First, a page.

A luxury-class stalwart for many years, the E-Class has been a test bed for technology that eventually winds up in more modest vehicles.
Drivetrain: The starting point is a 268-horsepower 3.5-litre V-6 or a 5.5-litre V-8 snorting out 382 horses that drives the rear wheels through a seven-speed automatic transmission.
-Would you prefer your Mercedes-Benz E-Class with two doors or four?
That's right. This year, one of the German manufacturer's most popular model comes as a traditional four-door sedan and as a new high-fashion two-door coupe.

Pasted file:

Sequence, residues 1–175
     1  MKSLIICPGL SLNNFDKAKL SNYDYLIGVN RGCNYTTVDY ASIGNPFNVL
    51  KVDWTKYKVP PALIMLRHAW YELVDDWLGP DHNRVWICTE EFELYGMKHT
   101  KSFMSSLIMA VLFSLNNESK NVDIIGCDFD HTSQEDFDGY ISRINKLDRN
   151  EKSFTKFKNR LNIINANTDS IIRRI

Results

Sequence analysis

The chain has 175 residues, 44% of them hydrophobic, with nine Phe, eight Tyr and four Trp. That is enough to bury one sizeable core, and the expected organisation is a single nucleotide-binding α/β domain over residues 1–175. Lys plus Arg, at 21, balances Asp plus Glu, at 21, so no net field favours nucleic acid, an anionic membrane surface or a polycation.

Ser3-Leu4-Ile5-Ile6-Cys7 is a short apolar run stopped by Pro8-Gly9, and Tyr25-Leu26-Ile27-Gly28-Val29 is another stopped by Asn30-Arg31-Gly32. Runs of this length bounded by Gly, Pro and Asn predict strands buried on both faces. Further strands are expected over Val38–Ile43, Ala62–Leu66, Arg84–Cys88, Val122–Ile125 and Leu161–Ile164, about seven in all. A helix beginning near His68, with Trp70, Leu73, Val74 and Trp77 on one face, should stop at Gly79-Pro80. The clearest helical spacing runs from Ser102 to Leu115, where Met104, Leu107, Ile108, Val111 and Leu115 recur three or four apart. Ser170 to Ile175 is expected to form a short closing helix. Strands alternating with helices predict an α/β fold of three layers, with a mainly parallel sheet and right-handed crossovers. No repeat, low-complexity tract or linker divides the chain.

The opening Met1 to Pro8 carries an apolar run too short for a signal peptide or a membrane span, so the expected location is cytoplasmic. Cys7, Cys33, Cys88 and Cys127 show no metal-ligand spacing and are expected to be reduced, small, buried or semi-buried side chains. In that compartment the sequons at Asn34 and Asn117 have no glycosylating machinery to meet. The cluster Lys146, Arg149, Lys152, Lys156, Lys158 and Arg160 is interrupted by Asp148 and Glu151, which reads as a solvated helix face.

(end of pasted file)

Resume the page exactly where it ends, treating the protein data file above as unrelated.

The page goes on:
The ninth-generation E-Class strikes a more ambitious and distinctive form, yet remains instantly recognizable as a member in good standing of the three-pointed-star club.
The new car's roofline also borrows from the more radical-looking CLS-class sedan, which is actually based on the E-Class.
It's a bit of a toss-up as to whether the first E-Class two-door is a visual improvement over the 2009-CLKclass design it replaces.
The new E-Class shows off a cushier interior highlighted by redesigned seats with improved padding and an available massage feature.
E350-designated models come with the familiar 268-horsepower 3.5-litre V-6, while E550 versions offer a 382-h. p. 5.5-L V-8.
Either way, you get standard 4Matic all-wheel-drive on the sedan versions. Seven-speed automatic transmissions handle the shifting duties for the two engines.